Law schools help those affected by Muslim travel ban
Published Monday, February 6, 2017 8:17PM EST
Last Updated Monday, February 6, 2017 8:18PM EST
Universities in Canada are working to help people who could be affected by the U.S. travel ban that targets Muslims.
Students from all 22 of Canada's law schools took part in a ‘research-a-thon’ across the country over the weekend.
As many as 800 Canadian law students signed up.
“We had students messaging us from Harvard, all across the States being like, ‘Wow, what you are doing is amazing.’ How they could help,” said one of the event’s organizers, Rachelle Bastarache, who is a third-year law student at McGill.
The students looked at the Trump travel ban and focused on potential legal arguments against the Canada-U.S Safe Third Country agreement.
The 2004 agreement assumed both nations were equally open to refugees, but many argue is no longer true.
“Combined, we had over 3,000 hours of research. It was really a way for students who maybe came into their law degree hoping to change the way justice was done,” said Bastarache.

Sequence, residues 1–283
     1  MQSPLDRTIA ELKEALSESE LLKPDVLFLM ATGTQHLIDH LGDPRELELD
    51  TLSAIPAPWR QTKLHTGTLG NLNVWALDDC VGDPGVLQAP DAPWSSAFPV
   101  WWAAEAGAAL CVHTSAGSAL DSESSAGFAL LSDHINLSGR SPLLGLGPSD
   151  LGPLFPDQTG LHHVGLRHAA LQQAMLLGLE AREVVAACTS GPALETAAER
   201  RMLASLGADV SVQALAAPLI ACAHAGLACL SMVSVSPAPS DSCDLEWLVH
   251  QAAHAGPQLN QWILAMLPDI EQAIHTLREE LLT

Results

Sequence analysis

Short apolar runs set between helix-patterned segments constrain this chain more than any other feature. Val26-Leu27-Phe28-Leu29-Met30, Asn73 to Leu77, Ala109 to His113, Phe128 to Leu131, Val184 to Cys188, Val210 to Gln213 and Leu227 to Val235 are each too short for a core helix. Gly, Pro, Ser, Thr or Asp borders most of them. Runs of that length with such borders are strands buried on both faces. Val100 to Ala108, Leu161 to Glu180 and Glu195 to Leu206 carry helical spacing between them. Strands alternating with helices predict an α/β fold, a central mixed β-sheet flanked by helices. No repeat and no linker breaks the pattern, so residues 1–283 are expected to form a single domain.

The students also set up a fundraising page for the Canadian Council for Refugees with a goal to raise $10,000. They have already raised $8000.
Meantime, McGill and University of Toronto are also re-opening the admission process for graduate studies in law and offering to help law students already in the U.S. complete their masters and doctoral degrees.
So far, McGill has had 11 responses and despite Friday's lifting of the travel ban, six people are applying.
“They're all from Iran which makes sense to use because out of the seven countries, it's a country that regularly supplies students. They have very good law schools,” said Richard Gold of the McGill Law Faculty.
Concordia University, too, has extended its undergraduate applications until March 1.
The university now has 1,600 students potentially affected by the U.S. travel ban, and most are from Iran.
The university has also seen an increase in interest in potential students and faculty from the U.S. and Mexico.
“I think just there’s a level of the uncertainty. Even if the ban is struck down, there's a fear there’ll be another one,” said Gold. “There's also a fear that the ban will be extended to other countries like Pakistan or Sri Lanka, also countries that supply us with students. So if you're a Muslim student in the world, would you take the chance of putting all your eggs in the U.S. basket or would you want to look for alternatives?”